For some of us, a Web browser is the center of the computing world; for others, it’s a tool used only occasionally. If you usually find yourself needing information from the Web when you’re in your e-mail client or your word processor, you might prefer to use a search tool you can access without opening a browser first. If that’s the case, you’ve got quite a few choices.
If you’re in, say, Apple’s Mail or Preview and you encounter a term you’d like to look up on the Web, you can copy and paste it into your browser’s search field. Alternatively, you can select the term and drag it to Safari’s icon on the Dock to do a Google search. However, to save yourself a couple of steps, highlight the term, control-click (or right-click), and choose Search In Google from the contextual menu. (This doesn’t work with all programs, but it’s always worth a try.)
Try An Application Launcher
Application launchers such as Blacktree’s free Quicksilver ( ), Objective Development’s LaunchBar ( ; business license, €39 [approximately $49]; home license, €24 [approximately $30]), and Peter Maurer’s Butler ( ; payment requested) make it easy to use keyboard shortcuts to run applications, play music, perform calculations, and do lots of other things. Furthermore, they all let you search the Web regardless of the program you’re currently using.
For example, to use LaunchBar from anywhere, press control-spacebar (or another key combination you specify) to activate the program and then type the first few letters of your favorite search engine (such as
goo for Google). When the name of the search engine appears with the option Search Template next to it, press the spacebar again, type in a search term, and then press return. Your default browser will come to the fore with your search results loaded. Sound like a lot of steps? Since there’s no need to reach for the mouse, most people can generate this series of keystrokes in less than a second.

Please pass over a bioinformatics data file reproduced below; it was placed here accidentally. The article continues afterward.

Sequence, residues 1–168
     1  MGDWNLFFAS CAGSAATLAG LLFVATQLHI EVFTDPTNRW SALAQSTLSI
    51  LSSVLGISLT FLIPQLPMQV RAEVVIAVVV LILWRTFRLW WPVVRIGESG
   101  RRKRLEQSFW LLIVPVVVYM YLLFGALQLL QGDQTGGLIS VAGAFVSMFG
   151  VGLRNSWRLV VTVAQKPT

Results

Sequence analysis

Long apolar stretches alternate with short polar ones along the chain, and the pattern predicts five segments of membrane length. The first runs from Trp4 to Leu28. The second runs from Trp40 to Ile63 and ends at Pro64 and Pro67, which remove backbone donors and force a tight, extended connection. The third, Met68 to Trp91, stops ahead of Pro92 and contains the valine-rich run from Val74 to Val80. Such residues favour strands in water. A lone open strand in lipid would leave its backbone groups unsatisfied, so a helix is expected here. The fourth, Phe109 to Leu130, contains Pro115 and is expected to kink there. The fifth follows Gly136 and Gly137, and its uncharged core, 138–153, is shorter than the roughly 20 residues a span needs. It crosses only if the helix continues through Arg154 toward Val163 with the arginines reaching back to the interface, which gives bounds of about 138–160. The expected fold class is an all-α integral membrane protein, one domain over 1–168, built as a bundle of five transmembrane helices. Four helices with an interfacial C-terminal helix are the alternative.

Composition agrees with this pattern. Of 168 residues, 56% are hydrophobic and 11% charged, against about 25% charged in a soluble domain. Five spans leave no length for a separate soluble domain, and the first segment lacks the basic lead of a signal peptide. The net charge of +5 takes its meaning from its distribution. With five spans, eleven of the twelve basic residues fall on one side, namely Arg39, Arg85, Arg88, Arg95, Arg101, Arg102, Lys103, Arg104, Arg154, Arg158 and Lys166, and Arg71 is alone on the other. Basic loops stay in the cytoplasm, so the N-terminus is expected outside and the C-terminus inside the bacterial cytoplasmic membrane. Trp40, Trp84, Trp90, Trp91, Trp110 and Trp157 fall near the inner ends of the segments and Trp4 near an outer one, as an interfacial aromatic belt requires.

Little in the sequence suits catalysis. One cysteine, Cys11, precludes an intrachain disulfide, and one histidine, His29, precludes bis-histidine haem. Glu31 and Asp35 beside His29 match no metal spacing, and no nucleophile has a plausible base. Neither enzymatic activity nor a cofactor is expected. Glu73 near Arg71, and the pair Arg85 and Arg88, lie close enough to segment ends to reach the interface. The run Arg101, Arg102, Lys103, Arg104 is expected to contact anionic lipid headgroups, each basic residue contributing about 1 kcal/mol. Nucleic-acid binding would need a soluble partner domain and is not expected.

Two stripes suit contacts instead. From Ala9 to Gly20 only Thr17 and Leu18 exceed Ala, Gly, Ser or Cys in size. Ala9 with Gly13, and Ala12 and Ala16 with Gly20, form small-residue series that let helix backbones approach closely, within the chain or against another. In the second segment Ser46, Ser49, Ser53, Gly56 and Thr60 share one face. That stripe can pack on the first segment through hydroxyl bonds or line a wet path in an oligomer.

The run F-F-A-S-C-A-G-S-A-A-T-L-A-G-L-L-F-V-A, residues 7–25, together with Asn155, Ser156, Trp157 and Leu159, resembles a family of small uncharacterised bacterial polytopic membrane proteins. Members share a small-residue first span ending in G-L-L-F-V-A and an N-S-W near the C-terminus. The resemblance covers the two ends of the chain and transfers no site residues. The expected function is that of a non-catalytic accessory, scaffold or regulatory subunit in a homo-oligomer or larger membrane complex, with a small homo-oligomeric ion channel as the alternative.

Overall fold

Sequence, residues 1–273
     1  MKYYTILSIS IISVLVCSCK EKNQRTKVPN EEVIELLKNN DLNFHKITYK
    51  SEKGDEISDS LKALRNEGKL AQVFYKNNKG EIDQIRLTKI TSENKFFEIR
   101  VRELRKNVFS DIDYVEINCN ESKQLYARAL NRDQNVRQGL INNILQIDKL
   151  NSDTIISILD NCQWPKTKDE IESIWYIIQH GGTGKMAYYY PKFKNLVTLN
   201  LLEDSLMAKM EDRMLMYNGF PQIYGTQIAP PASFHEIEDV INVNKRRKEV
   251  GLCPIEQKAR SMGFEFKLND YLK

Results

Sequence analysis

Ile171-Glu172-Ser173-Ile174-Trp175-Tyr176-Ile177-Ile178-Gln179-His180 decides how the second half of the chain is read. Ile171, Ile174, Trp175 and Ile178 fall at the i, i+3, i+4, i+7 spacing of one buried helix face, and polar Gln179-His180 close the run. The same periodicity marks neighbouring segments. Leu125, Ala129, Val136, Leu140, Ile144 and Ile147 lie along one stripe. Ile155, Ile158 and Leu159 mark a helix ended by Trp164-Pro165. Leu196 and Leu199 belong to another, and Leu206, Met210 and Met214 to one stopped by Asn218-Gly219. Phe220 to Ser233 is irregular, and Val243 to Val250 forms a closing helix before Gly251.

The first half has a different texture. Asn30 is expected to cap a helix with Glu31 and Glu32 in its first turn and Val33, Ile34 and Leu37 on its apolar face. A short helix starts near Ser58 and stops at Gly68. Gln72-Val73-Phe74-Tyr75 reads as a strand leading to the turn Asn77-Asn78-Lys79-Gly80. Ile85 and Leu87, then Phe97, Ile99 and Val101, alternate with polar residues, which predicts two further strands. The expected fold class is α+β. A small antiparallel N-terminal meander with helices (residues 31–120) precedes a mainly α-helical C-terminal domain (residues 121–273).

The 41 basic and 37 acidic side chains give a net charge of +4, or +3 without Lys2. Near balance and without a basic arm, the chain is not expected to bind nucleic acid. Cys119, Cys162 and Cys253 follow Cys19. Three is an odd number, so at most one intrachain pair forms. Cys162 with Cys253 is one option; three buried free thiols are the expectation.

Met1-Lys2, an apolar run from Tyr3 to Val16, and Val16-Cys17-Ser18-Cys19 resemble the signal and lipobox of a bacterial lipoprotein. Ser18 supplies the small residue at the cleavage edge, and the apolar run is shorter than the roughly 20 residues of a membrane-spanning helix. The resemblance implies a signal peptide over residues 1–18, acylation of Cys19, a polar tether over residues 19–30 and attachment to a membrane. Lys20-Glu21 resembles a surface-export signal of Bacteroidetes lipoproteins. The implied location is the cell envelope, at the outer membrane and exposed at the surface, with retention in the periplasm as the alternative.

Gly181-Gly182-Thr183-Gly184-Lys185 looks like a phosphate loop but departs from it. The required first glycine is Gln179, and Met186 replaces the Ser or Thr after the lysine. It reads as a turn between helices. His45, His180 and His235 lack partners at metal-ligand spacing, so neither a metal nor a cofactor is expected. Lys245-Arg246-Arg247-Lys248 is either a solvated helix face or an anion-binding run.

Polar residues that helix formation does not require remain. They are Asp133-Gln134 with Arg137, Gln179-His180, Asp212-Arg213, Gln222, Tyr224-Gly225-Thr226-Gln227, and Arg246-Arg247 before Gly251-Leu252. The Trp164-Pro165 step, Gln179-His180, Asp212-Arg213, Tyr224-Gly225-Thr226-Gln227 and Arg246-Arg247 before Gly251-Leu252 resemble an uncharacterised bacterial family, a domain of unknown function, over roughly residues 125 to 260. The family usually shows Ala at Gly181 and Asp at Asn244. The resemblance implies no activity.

Explore Other Alternatives
Ambrosia Software’s $15 iSeek ( ) puts a Web search field right in your menu bar. It’s set to Google by default, but you can adjust it to use the engine of your choice. Type your search term in this field and press return to display the results in your default Web browser. Waffle Software’s Monocle (payment requested) is similar (though with fewer search options), but instead of putting the search field directly in the menu bar, it requires that you click on a menu-bar icon to display a pop-up field.
The free Google Quick Search Box for the Mac—still considered “experimental,” because it’s only a demonstration of a work in progress—also displays a pop-up search box when you press a keyboard shortcut. The Google Quick Search Box can search not only Google sites (including YouTube and Google Docs), but also Wikipedia.com and even programs, files, Address Book contacts, bookmarks, and other data on your Mac.
[Senior Contributor Joe Kissell is the senior editor of TidBits and the author of numerous e-books about OS X.]